Presidential Policy Directive 8 (PPD-8) describes the Nation’s approach to national preparedness. The National Preparedness Goal is the cornerstone for the implementation of PPD-8; identified within it are the Nation’s core capabilities across five mission areas: Prevention, Protection, Mitigation, Response, and Recovery. The National Preparedness System is the instrument the Nation will employ to build, sustain, and deliver those core capabilities in order to achieve the goal of a secure and resilient Nation. Recommend you read-up on PPD-8 and the NPS if you haven’t already. Don’t have much time – at an absolute minimum take time to read the National Preparedness System Description over your morning cup of coffee, you won’t be disappointed.
First we need to keep in mind what the National Preparedness System (NPS) means at the local level – and what its implementation looks like. The NPS is not just a theoretical construct from the beltway around Washington, DC. It was developed by and for the nation, communities of all sizes and dynamics. Each and every single one of us is a part of making the goal real – and those of us that are in public safety have even greater responsibility in building more security and resilient communities locally, regionally, and eventually nationwide.
How? By doing what we do every single day, and doing it through the lens of the National Preparedness System. For example, the first component of the NPS is ‘Identifying and Assessing Risk’. Again we ask the question – what does that mean to me? While you may not be directly responsible for conducting formal risk assessments for your community or jurisdiction, you are responsible for maintaining an understanding of the variety of risks that are faced by your community and ensuring that your decisions are risk-informed. Further, the second component of the NPS is ‘Estimating Capability Requirements’. You are likely already estimating capability requirements in your community, maybe without even realizing it. For instance, if you are working with a local fire department you have set a ‘capability target’ for the time required for a unit to respond to (and arrive at) an incident. You have then assessed what resources are required to meet that target. Now apply the same process to all related functions, planning efforts and so on associated with the 31 core capabilities. The ways that NPS relates to what we do every single day at the local level are endless.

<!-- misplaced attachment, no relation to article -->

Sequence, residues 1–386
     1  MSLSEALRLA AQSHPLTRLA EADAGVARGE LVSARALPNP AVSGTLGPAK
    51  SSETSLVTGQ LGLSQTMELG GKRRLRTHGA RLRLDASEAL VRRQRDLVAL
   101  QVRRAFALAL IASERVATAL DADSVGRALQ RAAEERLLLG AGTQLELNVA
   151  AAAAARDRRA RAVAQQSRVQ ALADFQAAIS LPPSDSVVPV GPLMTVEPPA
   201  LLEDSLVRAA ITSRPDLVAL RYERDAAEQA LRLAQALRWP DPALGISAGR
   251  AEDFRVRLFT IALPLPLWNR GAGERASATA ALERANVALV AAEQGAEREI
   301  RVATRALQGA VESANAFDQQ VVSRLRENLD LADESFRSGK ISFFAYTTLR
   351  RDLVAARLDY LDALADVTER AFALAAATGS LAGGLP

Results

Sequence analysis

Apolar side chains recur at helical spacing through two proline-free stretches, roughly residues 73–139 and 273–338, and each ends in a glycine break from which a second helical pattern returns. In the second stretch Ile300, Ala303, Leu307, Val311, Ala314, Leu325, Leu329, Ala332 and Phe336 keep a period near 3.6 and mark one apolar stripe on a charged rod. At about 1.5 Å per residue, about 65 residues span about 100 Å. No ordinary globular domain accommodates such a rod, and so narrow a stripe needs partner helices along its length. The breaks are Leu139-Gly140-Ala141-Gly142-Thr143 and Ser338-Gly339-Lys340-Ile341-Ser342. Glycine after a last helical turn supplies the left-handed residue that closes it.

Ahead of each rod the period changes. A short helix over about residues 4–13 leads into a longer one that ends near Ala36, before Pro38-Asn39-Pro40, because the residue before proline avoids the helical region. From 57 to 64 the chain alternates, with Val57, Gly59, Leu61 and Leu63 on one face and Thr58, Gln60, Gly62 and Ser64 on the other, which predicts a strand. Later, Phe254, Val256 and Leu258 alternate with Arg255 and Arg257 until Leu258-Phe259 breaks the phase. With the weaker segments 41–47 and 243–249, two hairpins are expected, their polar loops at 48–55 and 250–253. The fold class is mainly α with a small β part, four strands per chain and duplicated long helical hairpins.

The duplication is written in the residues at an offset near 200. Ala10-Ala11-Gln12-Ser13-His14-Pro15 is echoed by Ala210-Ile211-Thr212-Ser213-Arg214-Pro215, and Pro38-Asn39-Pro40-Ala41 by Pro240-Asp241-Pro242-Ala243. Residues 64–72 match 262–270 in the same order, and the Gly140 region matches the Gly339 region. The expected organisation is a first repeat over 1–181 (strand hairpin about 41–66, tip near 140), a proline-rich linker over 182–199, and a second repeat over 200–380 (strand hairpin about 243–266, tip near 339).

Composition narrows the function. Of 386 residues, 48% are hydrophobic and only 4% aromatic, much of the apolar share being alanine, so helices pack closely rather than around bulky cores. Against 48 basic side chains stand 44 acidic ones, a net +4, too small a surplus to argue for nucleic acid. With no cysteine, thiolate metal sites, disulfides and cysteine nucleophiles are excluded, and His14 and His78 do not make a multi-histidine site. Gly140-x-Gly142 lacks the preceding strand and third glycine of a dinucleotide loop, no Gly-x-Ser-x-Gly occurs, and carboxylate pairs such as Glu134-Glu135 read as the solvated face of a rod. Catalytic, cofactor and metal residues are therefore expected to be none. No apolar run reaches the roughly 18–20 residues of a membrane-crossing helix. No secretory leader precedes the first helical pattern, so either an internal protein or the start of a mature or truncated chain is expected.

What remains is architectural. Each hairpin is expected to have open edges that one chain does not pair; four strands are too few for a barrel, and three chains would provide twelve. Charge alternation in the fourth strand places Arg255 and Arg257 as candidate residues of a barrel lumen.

The question at the heart of this blog – where is GIS in PPD-8 and the National Preparedness System? Many would jump to the conclusion that it is one of the 31 core capabilities. Or maybe that it is a component of the NPS. Think again. Its none of these things.
Why? Well we don’t “officially” know why but there appears to be very good reason. Is GIS used in operational coordination? Yes, absolutely and it enhances the quality of coordination that occurs before and during incidents of all types and sizes. Is GIS used in infrastructure systems? Without a doubt. In fact, infrastructure system owners, managers, and operators are some of the most advanced in applying GIS as a preparedness tool. The ‘moral’ of the story is that GIS is not a capability in and of itself. GIS is an enabling set of tools (albeit highly critical) that supports delivery of all 31 core capabilities. GIS does not fit nice and cleanly within any one core capability. In fact, if we put GIS into one core capability – or made it its own core capability – we’d loose sight of the potential that GIS has to offer in implementing the National Preparedness System. What we really need to do is define the role that GIS has (and can potentially have) in helping to make our community(ies) stronger and more resilient. When you read the National Preparedness System Description over coffee ask yourself: How can I better use GIS in my job and in my community? How can GIS help make my community more prepared?
And with that please share your thoughts – and ideas – for how you are (or plan to) using GIS to enhance your community’s preparedness.